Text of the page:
Composer: Antonín Dvořák
Performer: Vadim Tsibulevsky
Orchestra: Netherlands Philharmonic Orchestra
Conductor: Yakov Kreizberg
Format: FLAC (tracks)
Size: 1.1 GB
Symphony No. 7 in D minor, Op. 70
01. I. Allegro maestoso
02. II. Poco adagio
03. III. Scherzo: Vivace
04. IV. Finale: Allegro
05. The Golden Spinning Wheel, Op. 109
PentaTone has previously released Dvorak Symphonies 6, 8 and 9 in this series conducted by Kreizberg and all of them have received excellent reviews.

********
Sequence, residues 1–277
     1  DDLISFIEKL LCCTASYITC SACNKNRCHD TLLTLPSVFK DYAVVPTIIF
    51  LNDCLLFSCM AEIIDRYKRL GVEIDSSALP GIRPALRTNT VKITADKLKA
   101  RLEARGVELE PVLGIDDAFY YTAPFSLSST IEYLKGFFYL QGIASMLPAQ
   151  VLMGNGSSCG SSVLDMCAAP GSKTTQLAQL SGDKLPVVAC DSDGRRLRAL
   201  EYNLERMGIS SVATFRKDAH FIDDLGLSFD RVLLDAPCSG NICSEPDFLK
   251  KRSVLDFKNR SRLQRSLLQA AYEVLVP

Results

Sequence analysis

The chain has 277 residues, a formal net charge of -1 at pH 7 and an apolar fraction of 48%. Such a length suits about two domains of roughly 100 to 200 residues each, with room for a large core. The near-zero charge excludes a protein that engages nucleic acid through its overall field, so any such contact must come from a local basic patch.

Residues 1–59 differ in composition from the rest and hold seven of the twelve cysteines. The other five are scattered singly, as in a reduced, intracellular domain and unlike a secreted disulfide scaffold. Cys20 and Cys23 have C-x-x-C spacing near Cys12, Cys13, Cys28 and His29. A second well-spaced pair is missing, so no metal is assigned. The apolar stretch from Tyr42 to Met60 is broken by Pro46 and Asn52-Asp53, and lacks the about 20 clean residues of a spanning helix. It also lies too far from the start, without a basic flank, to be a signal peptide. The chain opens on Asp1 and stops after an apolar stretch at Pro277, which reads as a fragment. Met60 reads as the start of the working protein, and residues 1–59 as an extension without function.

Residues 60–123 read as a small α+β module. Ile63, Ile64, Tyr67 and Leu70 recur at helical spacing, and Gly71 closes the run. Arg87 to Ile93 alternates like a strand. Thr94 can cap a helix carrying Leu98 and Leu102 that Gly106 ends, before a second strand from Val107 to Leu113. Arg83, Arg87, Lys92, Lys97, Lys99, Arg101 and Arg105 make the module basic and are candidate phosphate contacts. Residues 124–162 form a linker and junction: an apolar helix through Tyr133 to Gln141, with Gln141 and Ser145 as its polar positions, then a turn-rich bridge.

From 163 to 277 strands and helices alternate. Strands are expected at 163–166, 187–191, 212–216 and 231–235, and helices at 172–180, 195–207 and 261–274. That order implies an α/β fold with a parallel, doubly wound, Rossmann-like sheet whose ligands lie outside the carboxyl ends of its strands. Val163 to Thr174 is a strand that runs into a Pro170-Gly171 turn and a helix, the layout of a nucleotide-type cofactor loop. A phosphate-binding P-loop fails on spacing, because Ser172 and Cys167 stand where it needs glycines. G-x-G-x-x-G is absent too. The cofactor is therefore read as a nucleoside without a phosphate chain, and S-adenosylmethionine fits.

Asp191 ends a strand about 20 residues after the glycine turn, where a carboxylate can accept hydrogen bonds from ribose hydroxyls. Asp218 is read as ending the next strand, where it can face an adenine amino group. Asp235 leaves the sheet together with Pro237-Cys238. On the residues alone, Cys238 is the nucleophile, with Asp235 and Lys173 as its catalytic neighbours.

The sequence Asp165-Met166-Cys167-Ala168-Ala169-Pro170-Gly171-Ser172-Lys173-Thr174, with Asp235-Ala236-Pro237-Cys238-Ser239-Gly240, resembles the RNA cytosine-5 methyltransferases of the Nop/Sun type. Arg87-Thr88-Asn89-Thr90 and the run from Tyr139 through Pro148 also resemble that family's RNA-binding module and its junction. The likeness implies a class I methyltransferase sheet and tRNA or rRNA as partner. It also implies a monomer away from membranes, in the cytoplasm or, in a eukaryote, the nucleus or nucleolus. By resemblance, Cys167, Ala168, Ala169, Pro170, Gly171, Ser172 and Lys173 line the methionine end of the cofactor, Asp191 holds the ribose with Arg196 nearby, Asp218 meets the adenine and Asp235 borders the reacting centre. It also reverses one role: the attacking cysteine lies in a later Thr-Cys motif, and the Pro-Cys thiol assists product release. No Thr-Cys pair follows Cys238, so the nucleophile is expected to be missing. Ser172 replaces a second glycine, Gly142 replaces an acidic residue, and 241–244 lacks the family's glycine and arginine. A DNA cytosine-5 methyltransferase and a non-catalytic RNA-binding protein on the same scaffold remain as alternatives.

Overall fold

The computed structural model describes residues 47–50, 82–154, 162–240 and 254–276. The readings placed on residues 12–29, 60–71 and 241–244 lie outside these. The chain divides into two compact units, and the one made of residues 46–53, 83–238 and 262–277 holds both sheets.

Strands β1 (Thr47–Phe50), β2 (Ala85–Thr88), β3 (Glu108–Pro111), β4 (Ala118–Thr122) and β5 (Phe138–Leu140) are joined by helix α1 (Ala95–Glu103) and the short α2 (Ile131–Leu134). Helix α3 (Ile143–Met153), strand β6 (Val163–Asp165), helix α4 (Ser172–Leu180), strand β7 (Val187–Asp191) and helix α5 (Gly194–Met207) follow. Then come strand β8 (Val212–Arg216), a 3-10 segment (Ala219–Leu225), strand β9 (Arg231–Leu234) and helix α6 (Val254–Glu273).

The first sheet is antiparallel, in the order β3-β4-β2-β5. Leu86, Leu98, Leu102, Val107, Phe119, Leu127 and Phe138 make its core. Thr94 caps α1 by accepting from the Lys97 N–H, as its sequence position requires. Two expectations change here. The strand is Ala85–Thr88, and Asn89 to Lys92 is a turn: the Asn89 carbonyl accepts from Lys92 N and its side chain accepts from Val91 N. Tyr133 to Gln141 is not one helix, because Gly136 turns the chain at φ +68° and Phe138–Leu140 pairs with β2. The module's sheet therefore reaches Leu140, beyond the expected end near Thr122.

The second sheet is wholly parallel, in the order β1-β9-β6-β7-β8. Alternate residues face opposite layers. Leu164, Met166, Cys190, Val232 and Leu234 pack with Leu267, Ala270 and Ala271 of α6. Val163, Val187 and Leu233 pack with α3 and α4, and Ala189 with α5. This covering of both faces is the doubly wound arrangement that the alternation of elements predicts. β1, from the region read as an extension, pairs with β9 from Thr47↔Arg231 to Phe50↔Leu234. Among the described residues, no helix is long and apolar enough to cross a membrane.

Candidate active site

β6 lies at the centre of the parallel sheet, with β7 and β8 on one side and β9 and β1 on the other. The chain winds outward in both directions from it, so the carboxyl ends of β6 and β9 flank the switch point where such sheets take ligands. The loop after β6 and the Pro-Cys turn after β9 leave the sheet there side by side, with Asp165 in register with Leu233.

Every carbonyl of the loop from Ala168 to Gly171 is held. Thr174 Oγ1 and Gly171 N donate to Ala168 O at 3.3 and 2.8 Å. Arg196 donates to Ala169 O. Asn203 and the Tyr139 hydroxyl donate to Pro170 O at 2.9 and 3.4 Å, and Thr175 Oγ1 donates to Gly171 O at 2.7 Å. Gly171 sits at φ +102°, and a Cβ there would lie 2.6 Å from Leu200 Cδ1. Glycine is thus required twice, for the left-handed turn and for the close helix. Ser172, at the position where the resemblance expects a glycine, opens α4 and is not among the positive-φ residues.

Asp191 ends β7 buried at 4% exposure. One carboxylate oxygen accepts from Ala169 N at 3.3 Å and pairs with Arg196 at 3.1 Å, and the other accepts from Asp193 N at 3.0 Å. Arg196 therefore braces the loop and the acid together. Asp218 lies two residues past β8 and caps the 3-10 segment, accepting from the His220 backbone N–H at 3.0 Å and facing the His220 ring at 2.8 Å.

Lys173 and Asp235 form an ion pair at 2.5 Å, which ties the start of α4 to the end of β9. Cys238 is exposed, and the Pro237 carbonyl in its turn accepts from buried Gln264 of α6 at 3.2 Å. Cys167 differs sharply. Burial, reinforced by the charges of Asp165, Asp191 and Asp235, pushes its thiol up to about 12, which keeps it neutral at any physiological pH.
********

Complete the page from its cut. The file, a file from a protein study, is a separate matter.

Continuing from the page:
Russian-born conductor Yakov Kreizberg and the Netherlands Philharmonic Orchestra Amsterdam continue their successful survey of the late, great symphonies of Antonin Dvorák on the PentaTone label. As with other volumes, this installment includes representatives from Dvorák’s output that seem to be at odds with one another. For starters, we have the magnificent, dramatic Seventh Symphony, written very much in the more conservative, Germanic style. This is followed by one of Dvorák’s symphonic poems — The Golden Spinning Wheel, Op. 109 — which some felt contradicted the traditionalist approach of Brahms in favor of more a “programmatic” approach. In truth, listeners will notice a rather dramatic difference between these two works, but this speaks only of Dvorák’s immense flexibility. In both cases, Kreizberg and orchestra do a masterful job of capturing the unique characteristics of both compositions. The Seventh Symphony is played powerfully and with immense drive without seeming exaggerated. Balance within the orchestra is exceptionally well-controlled, allowing the important inner voices to be heard clearly even during full tutti fortissimos. The Golden Spinning Wheel finds Kreizberg delivering fine attention to detail, bringing forth the subtle nuances of the score that are integral to its relationship to the original folk story. PentaTone’s sound is clear, present, and vigorous; listeners using the multichannel SACD track will be further treated to an all-encompassing sound that puts them in the center of the orchestra.